On June 25, 2012, the U.S. Supreme Court concluded that holding juvenile murderers for life without parole is unconstitutional under the Eight Amendment. It prohibits “cruel and unusual punishment” and “guarantees individuals the right not to be subjected to excessive sanctions.” In both, Miller v. Alabama and Jackson v. Hobbes, the Supreme Court granted certiorari to hear these cases, specifically on the constitutionality of statutory mandated punishment of life without parole.
Background: Miller v. Alabama
Petitioner Miller, a 14-year-old boy, along with a friend, assaulted and set fire to a neighbor’s trailer, who ultimately died as a result. Miller was tried as an adult for murder in the course of arson and was found guilty by a jury. The trial court imposed the statutorily mandated punishment of life without the possibility of parole.
Background: Jackson v. Hobbes
Petitioner, Jackson, was 14-years-old when he joined two other boys to rob a video store. Jackson stayed outside while the other two boys robbed the store and eventually shot and murdered the store clerk. Although Jackson stayed outside for a majority of the robbery, under the felony-murder rules of criminal procedure, “death that results from the commission of an enumerated felony (arson, rape, robbery, or burglary) constitutes first-degree murder for which the maximum penalty is death or life imprisonment. The felony-murder rule authorizes strict liability for a death that results from commission of a felony.” Therefore, Jackson was considered a co-conspirator and charged equally as if he pulled the trigger himself. Arkansas charged Jackson as an adult, based on their discretion granted in Ark. Code Ann §9-27-318(c)(2) (1998), for capital felony murder and aggravated robbery. The jury found him guilty on both counts and he was served with the statutorily mandated sentence of life imprisonment without the possibility of parole.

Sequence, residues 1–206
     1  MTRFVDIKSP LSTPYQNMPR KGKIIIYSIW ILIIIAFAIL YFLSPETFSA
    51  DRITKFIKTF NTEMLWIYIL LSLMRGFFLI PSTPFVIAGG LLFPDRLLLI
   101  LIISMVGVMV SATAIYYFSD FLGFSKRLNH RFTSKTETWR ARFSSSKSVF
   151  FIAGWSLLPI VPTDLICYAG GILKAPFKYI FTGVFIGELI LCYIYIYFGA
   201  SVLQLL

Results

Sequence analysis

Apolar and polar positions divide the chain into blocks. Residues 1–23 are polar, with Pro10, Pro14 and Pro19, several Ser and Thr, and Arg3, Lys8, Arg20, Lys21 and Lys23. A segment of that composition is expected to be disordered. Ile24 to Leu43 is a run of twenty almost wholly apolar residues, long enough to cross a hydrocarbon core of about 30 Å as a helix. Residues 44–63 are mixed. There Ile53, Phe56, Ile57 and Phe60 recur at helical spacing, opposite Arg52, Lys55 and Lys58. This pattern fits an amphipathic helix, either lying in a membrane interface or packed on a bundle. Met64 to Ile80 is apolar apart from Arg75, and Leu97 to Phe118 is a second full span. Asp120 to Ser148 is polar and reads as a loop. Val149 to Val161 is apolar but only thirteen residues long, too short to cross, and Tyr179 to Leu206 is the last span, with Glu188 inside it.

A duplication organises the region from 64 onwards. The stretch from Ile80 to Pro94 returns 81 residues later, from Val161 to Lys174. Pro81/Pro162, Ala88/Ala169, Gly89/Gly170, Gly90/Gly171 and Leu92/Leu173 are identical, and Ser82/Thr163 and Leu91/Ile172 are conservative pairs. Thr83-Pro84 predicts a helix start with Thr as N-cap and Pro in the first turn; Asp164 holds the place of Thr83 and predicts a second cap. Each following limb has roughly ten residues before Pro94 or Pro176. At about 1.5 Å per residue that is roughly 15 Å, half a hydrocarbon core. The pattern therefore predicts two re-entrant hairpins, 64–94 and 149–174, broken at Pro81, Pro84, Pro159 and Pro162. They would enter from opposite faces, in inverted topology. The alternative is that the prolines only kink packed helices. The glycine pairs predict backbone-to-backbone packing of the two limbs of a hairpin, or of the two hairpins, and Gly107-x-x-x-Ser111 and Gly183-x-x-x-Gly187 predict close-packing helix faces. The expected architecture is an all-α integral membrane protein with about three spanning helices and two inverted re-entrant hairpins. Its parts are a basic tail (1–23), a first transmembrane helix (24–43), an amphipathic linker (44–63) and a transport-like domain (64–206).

Justice Kagan delivered the opinion of the Court, in which Justices Kennedy, Ginsburg, Breye, and Sotomayor joined. Justice Breyer filed a concurring opinion. Chief Justice Robets filed a dissenting opinion, in which Justices Scalia, Thomas and Alito joined.
Precedent with regards to proportionate punishment was created in this decision. Based on previous rulings, Roper v. Simmons and Graham v. Florida, these cases paved the reasoning for today’s decision. Roper already held that the Eighth Amendment bars capital punishment for children based on their “lack of maturity” and “underdeveloped sense of maturity.” Graham held that the Eighth Amendment prohibits a sentence of life without parole for a juvenile convicted of a non-homicide offense. These cases are important to create today’s line of reasoning because they enacted the concept that sentencing authorities must consider the details of the case and characteristics of the defendant (i.e. age) before sentencing him to death. Since these boys were juveniles, the court further used Hamelin v. Michigan to support the idea that “sentencing practices that are permissible for adults, may not be so for children.” Ultimately, these two cases proved support that a statutory mandate on sentencing denied the petitioners proportional sentencing to their circumstance and age.
The main issue that the Court had is that in neither case did the sentencing authority have any discretion to impose a different punishment. The Court does not say that all juveniles should never be sentenced to life without parole, but a sentencer follow a certain process of discretion in choosing the sentence, so that the juvenile offenders are punished proportional to their crime. The Court ultimately found that the mandatory statutorily imposed life without parole was in fact an “excessive sanction” according to the Eighth Amendment.Copyright ©2013 National Law Forum, LLC